<constant name="struts.serve.static" value="false" />
If you disable this feature, but use the
Custom Static Content Loaders
Static content is served by an implementation of
org.apache.struts2.dispatcher.StaticContentLoader. To write your own
StaticContentLoader and define a bean for the class:
<bean type="org.apache.struts2.dispatcher.StaticContentLoader" class="MyStaticContentLoader" name="myLoader" /> <constant name="struts.staticContentLoader" value="myLoader" />
Default Content Loader
Struts provides a default implementation of
StaticContentLoader which is
This loader will handle urls that start with “/static/”.
This content loader can serve static content from the classpath, so when writing a plugin, you can put a file inside your plugin’s jar like “/static/image/banner.jpg” and it will be served when the url “/static/image/banner.jpg” is requested.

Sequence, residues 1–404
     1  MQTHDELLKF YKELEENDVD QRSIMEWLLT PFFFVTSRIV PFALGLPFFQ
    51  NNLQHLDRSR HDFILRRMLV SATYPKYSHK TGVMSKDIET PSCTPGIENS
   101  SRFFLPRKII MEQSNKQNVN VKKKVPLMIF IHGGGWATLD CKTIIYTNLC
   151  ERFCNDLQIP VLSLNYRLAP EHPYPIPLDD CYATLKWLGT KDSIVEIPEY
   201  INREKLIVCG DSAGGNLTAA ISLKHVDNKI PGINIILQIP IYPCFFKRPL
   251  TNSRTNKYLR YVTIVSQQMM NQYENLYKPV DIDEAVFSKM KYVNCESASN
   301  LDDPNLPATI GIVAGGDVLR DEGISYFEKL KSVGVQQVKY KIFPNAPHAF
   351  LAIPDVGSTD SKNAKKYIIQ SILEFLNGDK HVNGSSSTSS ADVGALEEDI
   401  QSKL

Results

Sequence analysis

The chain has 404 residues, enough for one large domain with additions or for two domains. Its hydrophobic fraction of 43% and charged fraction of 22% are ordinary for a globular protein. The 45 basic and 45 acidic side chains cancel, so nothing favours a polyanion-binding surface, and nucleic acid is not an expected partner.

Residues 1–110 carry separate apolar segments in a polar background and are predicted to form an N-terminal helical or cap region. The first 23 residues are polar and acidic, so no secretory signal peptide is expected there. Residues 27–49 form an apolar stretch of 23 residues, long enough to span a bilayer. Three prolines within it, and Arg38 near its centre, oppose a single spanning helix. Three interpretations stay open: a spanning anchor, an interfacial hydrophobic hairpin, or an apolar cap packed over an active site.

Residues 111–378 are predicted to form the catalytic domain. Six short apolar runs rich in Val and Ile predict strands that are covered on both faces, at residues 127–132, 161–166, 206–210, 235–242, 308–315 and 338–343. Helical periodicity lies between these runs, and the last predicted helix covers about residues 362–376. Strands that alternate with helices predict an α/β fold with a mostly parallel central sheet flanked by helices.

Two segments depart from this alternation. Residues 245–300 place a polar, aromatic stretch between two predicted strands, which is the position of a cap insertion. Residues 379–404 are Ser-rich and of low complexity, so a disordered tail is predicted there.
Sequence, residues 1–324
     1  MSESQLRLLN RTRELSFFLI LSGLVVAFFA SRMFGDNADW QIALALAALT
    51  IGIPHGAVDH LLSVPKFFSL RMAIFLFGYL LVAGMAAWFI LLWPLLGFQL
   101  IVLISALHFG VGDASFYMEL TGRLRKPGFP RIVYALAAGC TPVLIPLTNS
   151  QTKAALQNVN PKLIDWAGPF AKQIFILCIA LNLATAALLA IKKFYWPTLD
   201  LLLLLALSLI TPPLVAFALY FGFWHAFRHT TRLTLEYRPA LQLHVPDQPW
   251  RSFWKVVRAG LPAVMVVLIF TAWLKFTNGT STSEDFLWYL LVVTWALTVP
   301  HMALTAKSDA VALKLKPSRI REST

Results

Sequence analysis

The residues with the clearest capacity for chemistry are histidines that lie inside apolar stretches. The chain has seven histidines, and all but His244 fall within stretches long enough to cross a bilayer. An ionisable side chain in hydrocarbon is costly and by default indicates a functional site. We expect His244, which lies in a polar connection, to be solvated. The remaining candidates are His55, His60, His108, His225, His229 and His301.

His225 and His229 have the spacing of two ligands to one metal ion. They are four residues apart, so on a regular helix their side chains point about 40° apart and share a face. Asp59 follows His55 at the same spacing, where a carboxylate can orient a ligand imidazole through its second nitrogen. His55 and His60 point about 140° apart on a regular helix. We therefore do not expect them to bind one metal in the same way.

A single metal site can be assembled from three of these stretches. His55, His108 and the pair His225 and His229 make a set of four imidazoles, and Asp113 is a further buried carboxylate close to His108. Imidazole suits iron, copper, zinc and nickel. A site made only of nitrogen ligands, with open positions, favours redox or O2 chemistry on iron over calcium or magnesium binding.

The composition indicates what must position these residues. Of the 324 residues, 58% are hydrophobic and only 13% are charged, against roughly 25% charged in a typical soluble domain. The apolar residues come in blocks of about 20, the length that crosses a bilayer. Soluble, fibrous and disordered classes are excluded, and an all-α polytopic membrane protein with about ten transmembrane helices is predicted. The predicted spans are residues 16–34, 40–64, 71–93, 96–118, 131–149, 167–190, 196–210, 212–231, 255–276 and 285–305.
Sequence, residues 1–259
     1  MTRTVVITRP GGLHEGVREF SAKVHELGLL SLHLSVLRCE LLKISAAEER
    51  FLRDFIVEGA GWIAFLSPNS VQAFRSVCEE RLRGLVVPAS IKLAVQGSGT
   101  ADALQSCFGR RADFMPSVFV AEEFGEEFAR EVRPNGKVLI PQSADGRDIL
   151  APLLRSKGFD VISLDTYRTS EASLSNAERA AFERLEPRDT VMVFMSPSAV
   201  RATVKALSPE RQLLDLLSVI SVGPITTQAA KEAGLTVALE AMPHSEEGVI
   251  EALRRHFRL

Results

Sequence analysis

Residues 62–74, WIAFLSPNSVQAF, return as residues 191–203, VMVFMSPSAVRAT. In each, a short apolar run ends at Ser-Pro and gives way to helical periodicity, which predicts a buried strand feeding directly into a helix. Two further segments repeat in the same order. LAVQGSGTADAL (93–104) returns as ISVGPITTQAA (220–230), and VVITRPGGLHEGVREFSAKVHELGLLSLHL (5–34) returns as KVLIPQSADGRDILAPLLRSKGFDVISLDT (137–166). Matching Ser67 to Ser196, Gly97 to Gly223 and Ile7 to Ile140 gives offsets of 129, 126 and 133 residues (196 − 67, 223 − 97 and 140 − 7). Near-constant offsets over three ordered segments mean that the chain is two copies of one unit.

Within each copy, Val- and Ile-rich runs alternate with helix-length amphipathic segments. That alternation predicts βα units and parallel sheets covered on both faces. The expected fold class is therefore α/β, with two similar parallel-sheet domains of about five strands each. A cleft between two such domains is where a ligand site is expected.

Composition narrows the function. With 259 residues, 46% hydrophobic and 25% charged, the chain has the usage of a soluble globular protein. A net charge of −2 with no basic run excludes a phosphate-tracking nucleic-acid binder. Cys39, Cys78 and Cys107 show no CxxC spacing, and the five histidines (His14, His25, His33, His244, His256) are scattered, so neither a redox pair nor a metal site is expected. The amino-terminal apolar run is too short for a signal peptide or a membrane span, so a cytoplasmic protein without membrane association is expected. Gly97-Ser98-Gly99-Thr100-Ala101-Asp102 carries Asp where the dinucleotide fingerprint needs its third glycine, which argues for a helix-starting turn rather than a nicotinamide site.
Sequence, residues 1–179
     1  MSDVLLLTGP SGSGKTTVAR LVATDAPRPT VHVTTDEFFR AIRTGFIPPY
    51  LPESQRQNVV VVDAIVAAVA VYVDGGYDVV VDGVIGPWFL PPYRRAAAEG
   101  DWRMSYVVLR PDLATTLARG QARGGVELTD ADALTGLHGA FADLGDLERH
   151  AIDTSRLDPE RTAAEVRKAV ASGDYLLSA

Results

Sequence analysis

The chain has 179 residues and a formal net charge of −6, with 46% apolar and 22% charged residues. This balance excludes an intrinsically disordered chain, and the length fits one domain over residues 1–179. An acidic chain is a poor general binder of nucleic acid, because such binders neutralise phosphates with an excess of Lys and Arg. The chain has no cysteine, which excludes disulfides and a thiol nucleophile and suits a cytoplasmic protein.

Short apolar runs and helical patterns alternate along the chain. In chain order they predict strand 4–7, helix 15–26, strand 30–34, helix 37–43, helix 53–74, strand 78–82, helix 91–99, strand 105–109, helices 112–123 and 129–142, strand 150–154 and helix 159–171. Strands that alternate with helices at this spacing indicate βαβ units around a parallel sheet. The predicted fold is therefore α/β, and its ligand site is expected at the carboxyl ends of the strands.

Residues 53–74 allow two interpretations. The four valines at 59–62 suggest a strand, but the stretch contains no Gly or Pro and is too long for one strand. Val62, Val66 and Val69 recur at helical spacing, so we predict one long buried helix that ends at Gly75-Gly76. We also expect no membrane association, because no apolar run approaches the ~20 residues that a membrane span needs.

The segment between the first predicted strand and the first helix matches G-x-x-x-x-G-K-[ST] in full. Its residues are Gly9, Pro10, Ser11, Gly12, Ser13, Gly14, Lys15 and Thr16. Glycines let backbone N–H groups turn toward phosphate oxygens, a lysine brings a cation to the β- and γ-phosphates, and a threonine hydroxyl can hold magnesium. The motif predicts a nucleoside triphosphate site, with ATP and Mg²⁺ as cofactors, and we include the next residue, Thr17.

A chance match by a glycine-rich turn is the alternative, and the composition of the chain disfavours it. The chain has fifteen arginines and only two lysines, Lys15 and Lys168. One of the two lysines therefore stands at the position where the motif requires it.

This loader is not optimized to handle static content, and to improve performance, it is recommended that you extract your static content to the web application directory, and let the container handle them.
Preventing Struts from Handling a Request
If there is a request that Struts is handling as an action, and you wish to make Struts ignore it, you can do so by specifying a comma separated list of regular expressions like:
<constant name="struts.action.excludePattern" value="/some/content/.*?" />
These regular expression will be evaluated against the request’s URI (
HttpServletRequest.getRequestURI()), and if any
of them matches, then Struts will not handle the request.
To evaluate each pattern Pattern class from JDK will be used, you can find more about what kind of pattern you can use in the Pattern class JavaDoc.